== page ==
Accidents on the Indian coast send the administration into a tizzy

Jan 13, 2010, 4:06AM EST
Two ship wrecks have put the authorities into a tizzy forcing them to take a call on the prevailing maritime laws

Reports of accidents taking place despite the best efforts of the administration have upset the industry and port authorities alike. What is appalling is that these incidents seem to defy all the safety measures put in place for making oceans safe and secure and to bring in efficiency in shipping, notwithstanding the fact that ships are continuously being integrated with advanced technology and sophisticated instruments to enable them to have unprecedented levels of navigational and operational capabilities. 
In 2007 alone, 12 ship wrecks occurred on the coast of India mostly during stormy weather. Subsequently, hardly any serious incident having occurred, it was felt that measures taken by the government were yielding the desired results. But all of a sudden a 9,000 DWT vessel laden with iron ore fines Black Rose which did not have a valid insurance certificate sank near Paradip port in Orissa on September 9th 2009. Another tragic incident occurred a few days ago when 22,000 DWT AsianForest broke into two off the New Mangalore port.
These two incidents have sent officials in the Directorate General of Shipping, Government of India into a tizzy after industry and ports began raising related issues on wreck removal.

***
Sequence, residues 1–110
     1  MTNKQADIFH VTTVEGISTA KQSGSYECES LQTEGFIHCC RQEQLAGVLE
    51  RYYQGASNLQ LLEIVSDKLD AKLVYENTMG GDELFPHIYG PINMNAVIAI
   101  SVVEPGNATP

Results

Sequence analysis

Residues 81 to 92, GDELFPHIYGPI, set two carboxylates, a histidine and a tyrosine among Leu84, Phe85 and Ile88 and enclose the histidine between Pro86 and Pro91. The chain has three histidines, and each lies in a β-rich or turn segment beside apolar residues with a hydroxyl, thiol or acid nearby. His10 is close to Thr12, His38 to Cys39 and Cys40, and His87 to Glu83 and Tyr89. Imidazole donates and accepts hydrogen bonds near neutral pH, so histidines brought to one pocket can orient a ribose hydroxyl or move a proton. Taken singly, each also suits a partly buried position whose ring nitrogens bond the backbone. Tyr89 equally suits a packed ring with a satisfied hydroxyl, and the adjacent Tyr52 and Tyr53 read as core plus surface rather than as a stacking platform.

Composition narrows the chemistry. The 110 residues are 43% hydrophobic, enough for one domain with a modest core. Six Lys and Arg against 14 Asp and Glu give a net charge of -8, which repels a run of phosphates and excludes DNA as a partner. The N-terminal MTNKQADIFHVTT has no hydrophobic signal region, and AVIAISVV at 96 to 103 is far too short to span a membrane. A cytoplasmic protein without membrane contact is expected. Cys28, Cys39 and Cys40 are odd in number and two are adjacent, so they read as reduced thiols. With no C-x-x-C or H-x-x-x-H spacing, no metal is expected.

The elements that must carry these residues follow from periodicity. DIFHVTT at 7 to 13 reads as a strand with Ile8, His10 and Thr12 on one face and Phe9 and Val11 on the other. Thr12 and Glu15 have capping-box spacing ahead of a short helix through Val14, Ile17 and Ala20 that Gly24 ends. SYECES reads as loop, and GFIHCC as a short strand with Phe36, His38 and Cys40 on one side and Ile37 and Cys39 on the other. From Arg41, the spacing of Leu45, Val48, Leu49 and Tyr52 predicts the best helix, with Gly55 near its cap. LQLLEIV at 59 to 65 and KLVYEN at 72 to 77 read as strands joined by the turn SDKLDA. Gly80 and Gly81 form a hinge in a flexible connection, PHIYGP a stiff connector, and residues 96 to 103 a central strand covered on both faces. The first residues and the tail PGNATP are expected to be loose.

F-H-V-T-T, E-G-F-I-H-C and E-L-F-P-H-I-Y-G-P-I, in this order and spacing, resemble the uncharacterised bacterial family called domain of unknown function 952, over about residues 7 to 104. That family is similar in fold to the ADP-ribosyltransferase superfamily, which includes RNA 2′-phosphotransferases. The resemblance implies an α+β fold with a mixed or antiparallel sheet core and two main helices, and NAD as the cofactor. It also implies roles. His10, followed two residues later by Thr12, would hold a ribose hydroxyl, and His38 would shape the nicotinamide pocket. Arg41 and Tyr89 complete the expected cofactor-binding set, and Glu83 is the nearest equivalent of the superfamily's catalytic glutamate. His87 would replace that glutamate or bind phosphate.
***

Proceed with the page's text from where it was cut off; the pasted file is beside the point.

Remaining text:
In 2005, wreck removal and port entry rules were drafted to ensure that shipping companies pay for damages caused by ships to ports and harbors. If ships have valid cover, ports can claim expenses for wreck removal and damages for oil spillage directly from insurers. But the proposed rules were put in cold storage after strong lobbying against it by the International Group of Protection and Indemnity Clubs, a group comprising 13 mutual P&I clubs that between them provide cover for oil pollution and wreck removal for about 90% of the world’s ocean-going ships by capacity.
“Our course of action is based on two fronts,” stated Lakshmi Venkatachalam, Director General of Shipping & ex-officio Additional Secretary to the Govt. of India. “First is the punitive action and details about which are being worked out in the case of the two recent accidents. The other is to bring in place systematic reforms for which a Technical Committee has been formed for consideration.”
 
Capt. Deepak Kapoor, Nautical Surveyor cum Deputy Director General (Technical) stated, “We have provided safeguards but it cannot be said that the coastal waters will be absolutely safe. There are national and international laws and it in the interest of the ship owner, cargo owners and the master of the vessel to adhere to these. The ISM Code expects the master and ship owner to undertake risk assessment, otherwise it cannot be said that adequate safeguards have been taken and it would mean that contingency plans are not available in time of crises.”
 
The maritime industry has always waited for incidents to occur to bring in place safety measure and conventions. Perhaps the wake up call may come only after a ship wreck takes place inside a port blocking the approach channel to a major port.
 
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